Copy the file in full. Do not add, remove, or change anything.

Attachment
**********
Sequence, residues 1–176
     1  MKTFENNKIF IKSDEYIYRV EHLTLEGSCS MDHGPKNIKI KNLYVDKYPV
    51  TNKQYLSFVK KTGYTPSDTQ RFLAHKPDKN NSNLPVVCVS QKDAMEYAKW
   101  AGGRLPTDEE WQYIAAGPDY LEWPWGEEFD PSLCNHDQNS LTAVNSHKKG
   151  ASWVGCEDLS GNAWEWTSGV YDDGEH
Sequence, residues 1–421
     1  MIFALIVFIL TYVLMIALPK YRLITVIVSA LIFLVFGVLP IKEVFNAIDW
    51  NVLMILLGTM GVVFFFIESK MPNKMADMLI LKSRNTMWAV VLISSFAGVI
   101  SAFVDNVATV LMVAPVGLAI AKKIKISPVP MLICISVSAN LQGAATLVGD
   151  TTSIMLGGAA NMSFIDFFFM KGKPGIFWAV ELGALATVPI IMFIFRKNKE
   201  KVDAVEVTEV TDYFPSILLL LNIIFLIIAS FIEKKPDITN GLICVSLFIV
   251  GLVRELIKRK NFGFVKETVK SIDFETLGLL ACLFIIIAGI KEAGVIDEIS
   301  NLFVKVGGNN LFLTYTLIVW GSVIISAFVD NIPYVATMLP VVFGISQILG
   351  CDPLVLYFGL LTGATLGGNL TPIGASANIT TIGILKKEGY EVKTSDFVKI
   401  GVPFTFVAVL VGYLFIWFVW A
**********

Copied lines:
Sequence, residues 1–176
     1  MKTFENNKIF IKSDEYIYRV EHLTLEGSCS MDHGPKNIKI KNLYVDKYPV
    51  TNKQYLSFVK KTGYTPSDTQ RFLAHKPDKN NSNLPVVCVS QKDAMEYAKW
   101  AGGRLPTDEE WQYIAAGPDY LEWPWGEEFD PSLCNHDQNS LTAVNSHKKG
   151  ASWVGCEDLS GNAWEWTSGV YDDGEH
Sequence, residues 1–421
     1  MIFALIVFIL TYVLMIALPK YRLITVIVSA LIFLVFGVLP IKEVFNAIDW
    51  NVLMILLGTM GVVFFFIESK MPNKMADMLI LKSRNTMWAV VLISSFAGVI
   101  SAFVDNVATV LMVAPVGLAI AKKIKISPVP MLICISVSAN LQGAATLVGD
   151  TTSIMLGGAA NMSFIDFFFM KGKPGIFWAV ELGALATVPI IMFIFRKNKE
   201  KVDAVEVTEV TDYFPSILLL LNIIFLIIAS FIEKKPDITN GLICVSLFIV
   251  GLVRELIKRK NFGFVKETVK SIDFETLGLL ACLFIIIAGI KEAGVIDEIS
   301  NLFVKVGGNN LFLTYTLIVW GSVIISAFVD NIPYVATMLP VVFGISQILG
   351  CDPLVLYFGL LTGATLGGNL TPIGASANIT TIGILKKEGY EVKTSDFVKI
   401  GVPFTFVAVL VGYLFIWFVW A